As Strategic Insights Lead at Google, analysing shifting consumer behaviour has become part of my daily routine. And after two years of constant change, now feels like a good time to take a step back and think about where we’re heading.
Joining me in this mission will be Cate Trotter, head of trends at retail futures consultancy, Insider Trends, and Seth Godin, marketing thought leader and entrepreneur. I’ll be speaking to them about the future of shopping, customer trust, and more, during Google’s upcoming online summit, Get Retail Ready. As a warm up – and to give you a taste of what’s to come – I already asked them some of my initial, burning questions.
Justine L’Estrange: Cate, before the pandemic, you predicted that the role of the store would become more experiential and less transactional. Has this been the case?
Cate Trotter: For some retailers, yes. But every retailer has to work out what’s right for them. That’s why, at Insider Trends, we ask our clients to think about what they would do if they had all digital channels at their disposal. Only once they’ve built that out, it makes sense to think about what that ecosystem can’t do. And those are the elements you want to put into your physical experiences.
There are plenty of things physical spaces are best at; touching, smelling, tasting – you can only do that in a physical space. In many cases, it’s still the best place for fulfilment or returns, and hard to beat when it comes to live streaming or community events.
JL: We know that consumer behaviour has changed drastically in the last few years. Seth, how has this shifted the way retailers and marketers approach and engage with their audience?
Seth Godin: The biggest shift in consumer behaviour was triggered by the mobile phone, causing a fundamental change in the way human beings are wired. So when we think about how people interact, we know they’re going to buy into the story that gives them joy, connection, and status in the digital space. Retailers who are really good at bringing stories to people, have to realise that their job is not to make more stuff, but to help people get the feeling that they want. They’re all perfectly positioned to do that. They’ve just got to get their head out of the warehouse and the square footage on Main Street, and instead realise that customers want to be seen and connected.
JL: You've spoken about how marketers are trying to turn the internet into TV. What do you mean by this?
SG: When you think about the way marketers spend their time and money online, most of them are saying, “Look at me”. But the internet is about building connections. Effective marketers aren’t yelling at people, they’re giving their fans something to talk about.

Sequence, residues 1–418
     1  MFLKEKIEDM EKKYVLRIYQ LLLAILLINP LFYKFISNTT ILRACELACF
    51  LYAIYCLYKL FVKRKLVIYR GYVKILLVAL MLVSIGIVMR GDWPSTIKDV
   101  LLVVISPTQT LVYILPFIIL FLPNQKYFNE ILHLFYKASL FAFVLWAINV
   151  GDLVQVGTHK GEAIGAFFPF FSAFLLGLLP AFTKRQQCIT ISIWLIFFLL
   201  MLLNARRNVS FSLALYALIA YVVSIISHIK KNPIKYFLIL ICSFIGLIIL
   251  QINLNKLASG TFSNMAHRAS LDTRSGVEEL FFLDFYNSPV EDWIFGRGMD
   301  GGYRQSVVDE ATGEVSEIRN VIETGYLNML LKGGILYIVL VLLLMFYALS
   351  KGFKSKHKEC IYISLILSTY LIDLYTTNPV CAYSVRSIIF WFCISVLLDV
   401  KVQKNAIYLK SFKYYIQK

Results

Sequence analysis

"A big change we're seeing is that Gen Z is mostly interested in non traditional, digital experiences."
Unfortunately, that idea is lost on retailers who try to be everything to their customers. Somebody will always be bigger or cheaper than you, so the only real alternative is to offer a specific experience based on status and affiliation that people will really want to tell others about. That’s where you build true connections.
JL: And Gen Z, the latest of the generations to enter the workforce, is also top of mind for retailers. They've been brought up in a digital world, but our research has shown that they're less impressed with the online retail experience. What role do you think social commerce plays in engaging them?
CT: A big change we're seeing is that Gen Z is mostly interested in non traditional, digital experiences. 97% of Gen Z consumers use social media as their top source of shopping inspiration, so conversational and social commerce is particularly important for reaching this generation. But their experiences are also going to set the expectations of other generations. Retailers that are starting to experiment with selling in these new ways, will be able to expand it to other generations when the time comes.
JL: And then the question everyone is asking: what about immersive virtual reality (VR)? Cate, do you think it’s the future?
CT: I don’t think it will solve everything in retail, but I think it holds so much potential and we’re only scratching the surface at this point. I think it’s exciting that brands can offer rich, immersive experiences cheaply, reliably, and at scale. And they can express their brands in a way they can’t in-store. But where brands are currently missing the trick is that they’re trying to recreate physical retail experiences in virtual environments, while the first focus should be on engaging customers around the core of their brand essence.
"Effective marketers aren’t yelling at people, they’re giving their fans something to talk about."
Thinking about the future of shopping in general, I can envisage a point where retail will be embedded into everything in the world around us. Where from a customer point of view, really all they experience is engagement, discovery, education, and inspiration. So it won’t be like pressing a button and something magically appearing at your house, but I hope that we’ll be able to take logistics and engagement to such an extreme that retail will be much, much better than it is today.
Get ready to navigate the new retail landscape
The world of retail is changing rapidly and the path to success is more complex than ever. So what can retailers do to get ahead and be there for their customers? That’s the question Cate, Seth, and various Google experts aimed to answer in our recent digital summit, Get Retail Ready. Missed it? Don't worry: all content is now available to watch on demand. Register here with code TWG1 to make sure you don’t miss out.